I have to say that currently, there is a bit of sneaking of circular dependencies, via the shared states, because each state that activates another state, indirectly depends on it; e.g. menu depends on game and game depends on menu, in order for the menu to be able to activate the game and for the game to be able to go back to the menu, but I don't think that's a problem. It would be possible to break the circularity using coroutines, but that's a bit overkill, therefore having that hidden circular dependency is OK in this case, but it should be the exception, not the rule.

It's also possible that I have misinterpreted, and that "lobby.lua" is an introductory map, and "map.lua" is the main map where 100% of the rest of the game will happen and then you can't return to the lobby. In that case it's also somewhat reasonable to treat them as separate states, where lobby.lua is a complete "mini-game", so to say, and map.lua is the "real game". That would immediately provide a mechanism to switch from the lobby to the main map, keeping each isolated, but that could mean a bit of code repetition.

I see you haven't really cleaned up anything since the separation of states. The old state handling stuff is still around, clobbering the code. There are many globals still used in map.lua, sprite.lua and lobby.lua. main.lua is using a global by mistake, because I forgot the args parameter to love.load; it should be declared as 'function love.load(args)'. introhandler.lua is using 'splash' as a global also by mistake because I forgot to declare it as a local in the variables section.

Getting rid of the globals should be a priority, as they can cause surprises like values changing for no apparent reason (if you inadvertently use two globals with the same name in different files), and they make dependencies more confusing, making the code unmaintainable. Unmaintainable code is also hard to read, and since you're asking for help, the more readable your code is, the more likely you are to get help. No one likes to read unmaintainable code; it's too much effort just for helping some guy in a forum.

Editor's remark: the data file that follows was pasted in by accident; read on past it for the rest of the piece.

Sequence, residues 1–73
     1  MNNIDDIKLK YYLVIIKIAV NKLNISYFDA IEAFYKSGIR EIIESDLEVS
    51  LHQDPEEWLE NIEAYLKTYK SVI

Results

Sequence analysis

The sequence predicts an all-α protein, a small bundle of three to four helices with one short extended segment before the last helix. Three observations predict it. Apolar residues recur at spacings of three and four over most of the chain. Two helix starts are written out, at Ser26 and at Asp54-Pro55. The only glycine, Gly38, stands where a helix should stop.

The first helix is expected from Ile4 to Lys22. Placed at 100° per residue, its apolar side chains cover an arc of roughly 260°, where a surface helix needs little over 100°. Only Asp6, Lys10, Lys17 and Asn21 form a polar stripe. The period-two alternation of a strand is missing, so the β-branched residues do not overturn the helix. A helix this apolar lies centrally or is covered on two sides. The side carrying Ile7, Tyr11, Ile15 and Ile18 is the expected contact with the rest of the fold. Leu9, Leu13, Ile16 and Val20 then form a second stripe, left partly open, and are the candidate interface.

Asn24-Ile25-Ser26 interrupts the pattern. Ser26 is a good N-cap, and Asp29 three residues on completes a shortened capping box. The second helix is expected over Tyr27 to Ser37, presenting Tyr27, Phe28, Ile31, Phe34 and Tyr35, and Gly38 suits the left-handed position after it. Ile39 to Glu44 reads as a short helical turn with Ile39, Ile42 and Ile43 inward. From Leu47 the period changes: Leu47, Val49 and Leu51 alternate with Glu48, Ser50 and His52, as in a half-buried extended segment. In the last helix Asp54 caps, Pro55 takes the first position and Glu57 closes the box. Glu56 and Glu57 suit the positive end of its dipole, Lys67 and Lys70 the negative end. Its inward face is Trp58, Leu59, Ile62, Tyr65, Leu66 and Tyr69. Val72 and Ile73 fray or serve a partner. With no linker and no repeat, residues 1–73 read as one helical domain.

Next would be to decide responsibilities of each file and give proper names to the files, especially since you're asking others for help.

Next would be to clearly separate the responsibilities, deciding what each file must do and not mixing unrelated code there. When you run into something new that your code needs to do, stop and think whether there's a suitable place in the existing code or if you must create a new file for it. Sometimes it happens that it's not worth separating the functionality at first, and when the code grows, it starts being a necessity to avoid having unrelated code for a common functionality all over the place. If that's the case, invest some time in refactoring your code, don't let the snowball grow until it's too big to manage.

After all that cleaning-up and reorganization, and when you have decided on a suitable place to hold the bump world, we can talk about how to clear it. One easy way would be to just provide a function that clears it (by setting the variable to a new world) from the file that handles it.

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bobbymcbobface
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Re: Help with a black screen when exiting out of my lobby [closed]

Post by bobbymcbobface » Thu Nov 07, 2019 5:13 pm

Ah thanks pgimeno (sorry for the long response :P) for now i will take a break and work on a smaller project (snake if you'd like to know) and aim for more realistic goals due to the fact I've finally realized making a game isn't as easy as i thought :) so i will close this topic but thanks a lot for all the help you and the community has given to this game because it means i can fall back onto my previous game for help.

again thanks all :D
I make games that run on potatoes :P